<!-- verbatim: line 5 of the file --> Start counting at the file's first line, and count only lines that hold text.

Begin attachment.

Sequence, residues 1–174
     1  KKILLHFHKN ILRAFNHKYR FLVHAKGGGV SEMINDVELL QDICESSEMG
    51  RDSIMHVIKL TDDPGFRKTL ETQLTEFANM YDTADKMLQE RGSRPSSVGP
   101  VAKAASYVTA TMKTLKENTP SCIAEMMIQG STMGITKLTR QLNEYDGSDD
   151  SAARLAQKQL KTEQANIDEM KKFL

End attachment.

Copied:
   151  SAARLAQKQL KTEQANIDEM KKFL